In the memoir, Obama describes his experiences growing up in his mother's American middle class family. His knowledge about his African father, who returned once for a brief visit in 1971, came mainly through family stories and photographs. Of his early childhood, Obama writes: "That my father looked nothing like the people around me--that he was black as pitch, my mother white as milk--barely registered in my mind." The book describes his struggles as a young adult to reconcile social perceptions of his multiracial heritage. He wrote that he used alcohol, marijuana, and cocaine during his teenage years to "push questions of who I was out of my mind". Reflecting later on his formative years in Honolulu, Obama wrote: "The opportunity that Hawaii offered--to experience a variety of cultures in a climate of mutual respect--became an integral part of my world view, and a basis for the values that I hold most dear."

After high school, Obama moved to Los Angeles, where he studied at Occidental College for two years. He then transferred to Columbia University in New York City, where he majored in political science with a specialization in international relations. Obama received his B.A. degree in 1983, then worked at Business International Corporation and New York Public Interest Research Group before moving to Chicago to take a job as a community organizer. As Director of the Developing Communities Project, he worked with low-income residents in Chicago's Roseland community and the Altgeld Gardens public housing development. He entered Harvard Law School in 1988. In 1990, The New York Times reported his election as the Harvard Law Review's "first black president in its 104-year history". He completed his J.D. degree magna cum laude in 1991. On returning to Chicago, Obama directed a voter registration drive. As an associate attorney with Miner, Barnhill & Galland from 1993 to 1996, he represented community organizers, discrimination claims, and voting rights cases. He was a lecturer of constitutional law at the University of Chicago Law School from 1993 until his election to the U.S. Senate in 2004.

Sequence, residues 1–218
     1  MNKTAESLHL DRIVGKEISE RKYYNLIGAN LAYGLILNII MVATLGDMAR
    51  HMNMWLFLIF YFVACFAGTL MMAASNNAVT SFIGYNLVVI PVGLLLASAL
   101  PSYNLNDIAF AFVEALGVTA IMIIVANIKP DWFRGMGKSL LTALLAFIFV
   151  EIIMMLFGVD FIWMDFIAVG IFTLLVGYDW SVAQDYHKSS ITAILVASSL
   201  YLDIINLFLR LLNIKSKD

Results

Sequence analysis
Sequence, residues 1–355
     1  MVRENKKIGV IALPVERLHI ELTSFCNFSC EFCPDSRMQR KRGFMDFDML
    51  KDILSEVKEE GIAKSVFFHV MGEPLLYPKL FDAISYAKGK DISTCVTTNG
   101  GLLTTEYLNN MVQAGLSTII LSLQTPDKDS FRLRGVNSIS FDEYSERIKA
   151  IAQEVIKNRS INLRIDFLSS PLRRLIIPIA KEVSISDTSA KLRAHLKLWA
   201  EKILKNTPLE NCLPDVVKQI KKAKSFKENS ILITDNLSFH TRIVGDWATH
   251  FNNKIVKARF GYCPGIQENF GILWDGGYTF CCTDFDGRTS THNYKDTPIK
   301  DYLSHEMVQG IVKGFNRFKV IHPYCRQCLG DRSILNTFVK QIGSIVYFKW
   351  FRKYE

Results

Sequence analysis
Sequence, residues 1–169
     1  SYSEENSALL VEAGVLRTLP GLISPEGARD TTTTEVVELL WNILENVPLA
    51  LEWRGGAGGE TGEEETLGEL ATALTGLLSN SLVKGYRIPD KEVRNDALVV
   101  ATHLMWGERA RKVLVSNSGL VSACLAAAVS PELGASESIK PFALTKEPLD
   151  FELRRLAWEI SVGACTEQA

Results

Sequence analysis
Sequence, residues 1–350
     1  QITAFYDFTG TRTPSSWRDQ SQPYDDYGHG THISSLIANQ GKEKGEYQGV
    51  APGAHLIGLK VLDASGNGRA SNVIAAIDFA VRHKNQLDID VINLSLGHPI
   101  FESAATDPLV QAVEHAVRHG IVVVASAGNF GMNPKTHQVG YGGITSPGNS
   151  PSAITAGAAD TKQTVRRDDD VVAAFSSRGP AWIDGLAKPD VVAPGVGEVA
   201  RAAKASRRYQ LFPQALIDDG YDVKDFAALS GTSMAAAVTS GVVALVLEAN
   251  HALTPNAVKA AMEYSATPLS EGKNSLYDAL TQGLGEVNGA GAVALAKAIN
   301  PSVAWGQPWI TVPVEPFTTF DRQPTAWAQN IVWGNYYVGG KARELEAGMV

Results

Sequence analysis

Obama was elected to the Illinois Senate in 1996 from the 13th District, which then spanned Chicago South Side neighborhoods from Hyde Park-Kenwood south to South Shore and west to Chicago Lawn. In 2000, he made an unsuccessful Democratic primary run for the U.S. House of Representatives seat held by four-term incumbent candidate Bobby Rush. He was reelected to the Illinois Senate in 1998 and 2002 (when the 13th District was redrawn to span Chicago lakefront neighborhoods from the Gold Coast south to South Chicago). In January 2003, Obama became chairman of the Health and Human Services Committee when Democrats, after a decade in the minority, regained a majority in the Illinois Senate. He resigned from the Illinois Senate in November 2004 following his election to the U.S. Senate. As a state legislator, Obama gained bipartisan support for legislation reforming ethics and health care laws. He sponsored a law enhancing tax credits for low-income workers, negotiated welfare reform, and promoted increased subsidies for childcare. Obama also led the passage of legislation mandating videotaping of homicide interrogations, and a law to monitor racial profiling by requiring police to record the race of drivers they stopped. During his 2004 general election campaign for U.S. Senate, he won the endorsement of the Illinois Fraternal Order